How to Travel on Public Transport Between New York, DC and Boston

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The area of the East Coast between Boston and Washington DC is home to over 50 million people, 5 major metropolitan areas, and a multitude of political, cultural and natural treasures.  Lucky for travelers, it is also one of the most well-connected areas of the United States, making it both cheap and convenient to navigate.  Want to check out Independence Hall in Philadelphia, the Statue of Liberty in New York, and then pop up to Boston for some clam chowder, all in the same weekend?  Here’s some transport ideas on making your next trip through the Mid-Atlantic region a reality.

Please note: Fare and schedule information listed below is for non-peak times and is subject to change.

Greyhound (www.Greyhound.com)

Washington DC to New York –4 hours 20 minutes (or longer), typically $17 one-way

Washington DC to Boston –9 hours 20 minutes (or longer), typically $45 one-way

This long-distance bus service doesn’t have a name for being luxurious, but it can get you (almost) wherever you need to go within North America, especially in urban corridors like this one. Newer buses boast Wi-Fi and electric outlets, but don’t expect that in most cases. Greyhound is often considered the budget choice for transport, but newer carriers like Mega Bus and Bolt Bus (listed below) are proving to be tough competition.

Bolt Bus (www.BoltBus.com)

Washington DC to New York –4 hours 0 minutes, typically $10-13 one-way

Washington DC to Boston – No direct service

This start-up bus company is known for connecting a variety of cities while boasting cheap fares, but it doesn’t always have direct connections to further cities (from Washington DC to Boston, for example).  Seats come with Wi-Fi and electrical outlets, and fares can be as low as $1 if you get lucky.  Reservations can only be made up to six weeks in advance.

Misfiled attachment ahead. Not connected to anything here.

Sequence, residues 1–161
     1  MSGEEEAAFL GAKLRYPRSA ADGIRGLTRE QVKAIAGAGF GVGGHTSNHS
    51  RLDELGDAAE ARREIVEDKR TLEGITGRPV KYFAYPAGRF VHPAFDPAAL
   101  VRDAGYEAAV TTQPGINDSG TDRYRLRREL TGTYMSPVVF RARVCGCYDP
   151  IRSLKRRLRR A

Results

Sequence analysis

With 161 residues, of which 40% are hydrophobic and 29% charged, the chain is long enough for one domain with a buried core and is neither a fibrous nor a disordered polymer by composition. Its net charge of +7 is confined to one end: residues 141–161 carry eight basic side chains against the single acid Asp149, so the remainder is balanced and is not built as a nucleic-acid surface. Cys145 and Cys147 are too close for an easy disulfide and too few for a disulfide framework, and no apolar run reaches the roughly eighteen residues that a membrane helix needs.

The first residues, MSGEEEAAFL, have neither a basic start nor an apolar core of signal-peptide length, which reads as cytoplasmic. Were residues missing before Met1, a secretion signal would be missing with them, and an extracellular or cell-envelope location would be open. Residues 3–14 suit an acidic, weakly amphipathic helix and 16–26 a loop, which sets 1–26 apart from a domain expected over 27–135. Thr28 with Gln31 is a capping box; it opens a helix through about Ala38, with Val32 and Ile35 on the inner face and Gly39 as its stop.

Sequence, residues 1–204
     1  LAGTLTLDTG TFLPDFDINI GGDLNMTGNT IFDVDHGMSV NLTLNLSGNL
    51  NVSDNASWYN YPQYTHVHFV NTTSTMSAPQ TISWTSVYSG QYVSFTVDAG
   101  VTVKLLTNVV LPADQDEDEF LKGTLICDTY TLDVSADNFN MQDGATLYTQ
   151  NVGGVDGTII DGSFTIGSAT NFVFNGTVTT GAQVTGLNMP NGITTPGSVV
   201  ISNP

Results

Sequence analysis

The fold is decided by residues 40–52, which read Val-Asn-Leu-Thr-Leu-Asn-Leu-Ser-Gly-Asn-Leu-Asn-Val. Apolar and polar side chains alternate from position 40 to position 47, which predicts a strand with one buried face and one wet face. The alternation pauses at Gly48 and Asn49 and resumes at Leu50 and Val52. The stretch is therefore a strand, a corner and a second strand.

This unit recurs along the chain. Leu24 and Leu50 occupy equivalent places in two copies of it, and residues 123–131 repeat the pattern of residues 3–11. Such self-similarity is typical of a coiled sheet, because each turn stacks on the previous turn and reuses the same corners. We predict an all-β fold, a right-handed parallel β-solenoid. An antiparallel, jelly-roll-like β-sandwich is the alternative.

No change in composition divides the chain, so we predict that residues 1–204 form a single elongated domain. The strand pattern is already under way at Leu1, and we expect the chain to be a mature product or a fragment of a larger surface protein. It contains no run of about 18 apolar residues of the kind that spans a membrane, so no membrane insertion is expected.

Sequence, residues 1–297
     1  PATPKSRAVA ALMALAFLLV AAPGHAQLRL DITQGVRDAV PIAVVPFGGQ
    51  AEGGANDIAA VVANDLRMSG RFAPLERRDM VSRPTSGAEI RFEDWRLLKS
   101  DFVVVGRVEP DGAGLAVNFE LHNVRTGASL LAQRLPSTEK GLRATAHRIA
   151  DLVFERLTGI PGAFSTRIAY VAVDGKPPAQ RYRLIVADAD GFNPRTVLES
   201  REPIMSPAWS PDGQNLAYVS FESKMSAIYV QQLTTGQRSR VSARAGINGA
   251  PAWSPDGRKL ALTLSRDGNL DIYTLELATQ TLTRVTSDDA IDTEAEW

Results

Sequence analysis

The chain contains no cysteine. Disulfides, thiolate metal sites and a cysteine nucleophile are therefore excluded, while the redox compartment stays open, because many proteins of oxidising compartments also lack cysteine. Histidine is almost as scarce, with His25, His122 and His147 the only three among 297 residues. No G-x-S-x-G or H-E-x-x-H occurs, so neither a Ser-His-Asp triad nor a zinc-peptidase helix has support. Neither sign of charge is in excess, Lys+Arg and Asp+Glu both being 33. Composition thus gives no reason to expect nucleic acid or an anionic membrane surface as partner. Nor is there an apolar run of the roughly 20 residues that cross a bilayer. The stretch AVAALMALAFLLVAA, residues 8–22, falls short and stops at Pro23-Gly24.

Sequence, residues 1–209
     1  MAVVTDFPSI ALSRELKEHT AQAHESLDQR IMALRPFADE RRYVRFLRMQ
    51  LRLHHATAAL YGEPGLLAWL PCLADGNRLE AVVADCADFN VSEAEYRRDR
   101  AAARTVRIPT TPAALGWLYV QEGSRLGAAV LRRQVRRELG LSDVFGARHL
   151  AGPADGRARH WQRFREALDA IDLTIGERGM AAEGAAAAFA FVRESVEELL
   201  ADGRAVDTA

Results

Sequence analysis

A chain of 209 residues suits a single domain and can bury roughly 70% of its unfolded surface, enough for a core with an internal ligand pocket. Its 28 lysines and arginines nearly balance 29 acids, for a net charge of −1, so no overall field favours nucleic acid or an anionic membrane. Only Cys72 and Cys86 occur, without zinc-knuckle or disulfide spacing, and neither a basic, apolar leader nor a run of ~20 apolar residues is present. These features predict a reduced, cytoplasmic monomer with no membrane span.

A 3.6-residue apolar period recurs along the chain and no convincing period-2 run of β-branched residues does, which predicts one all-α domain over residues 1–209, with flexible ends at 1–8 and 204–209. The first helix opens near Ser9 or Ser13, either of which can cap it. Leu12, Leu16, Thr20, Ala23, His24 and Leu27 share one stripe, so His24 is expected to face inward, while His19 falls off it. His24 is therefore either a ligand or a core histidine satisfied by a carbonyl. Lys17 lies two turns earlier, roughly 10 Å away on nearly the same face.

Megabus (www.MegaBus.com)

Washington DC to New York –4 hours 30 minutes, typically $21 one-way

Washington DC to Boston –9 hours 40 minutes, typically $79 one-way

This fleet of double-decker buses has routes in the United States, Canada and the UK.  Passengers can make use of electric outlets and Wi-Fi while on the road, and there’s the added bonus of sitting upstairs and watching the world pass by on the ground below.  Fares can also be as low as $1 if you book at the right time.

Amtrak (www.Amtrak.com)

Washington DC to New York – 3 hours 20 minutes, typically $49 on-way

Washington DC to Boston – 7.5 hours, typically $70 one-way

A ride on the nation’s passenger rail system definitely feels more luxurious than its bus counterparts, but the corresponding fares also reflect this fact as well. Wi-Fi is available on some routes, but electric outlets and a café car serving refreshment is almost always available. Faster and more business-oriented service is available on Amtrak’s Acela trains, but fares for that service can jump dramatically.

Jet Blue (www.JetBlue.com)

Washington DC to New York, 1 hour 20 minutes, starting at $49 one-way

Washington DC to Boston, 1 hour 45 minutes, starting at $55 one-way

One of the fastest ways to travel in this area is to fly, but don’t forget about the added time and resources that it takes to get to the airport and navigate through security.  That being said, flying from one city to another is more affordable than ever before, especially on low-cost carriers like Jet Blue.  Fares can cost significantly more on weekends and holidays, but online tools like www.Kayak.com can help you find the cheapest fares for the dates you need to travel.

How do you travel around while on the East Coast?

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About Author

Stephanie Wobensmith is on the road to making her wandering lifestyle a profession. She is pursuing a M.A. in International Education at SIT Graduate Institute in southern Vermont and is currently working at Semester at Sea headquarters in central Virginia. She has also co-managed a backpacker's hostel, coordinated service learning efforts at a community college, and served in AmeriCorps during the aftermath of Hurricanes Katrina and Rita. She has lived in Sydney and Dublin, criss-crossed the country on a Greyhound bus, explored Baja California in a Land Cruiser, and roamed the island of Bali and the Indian Subcontinent. A vegetarian of ten years, she adores vegetarian cheesesteaks and green Thai curry.

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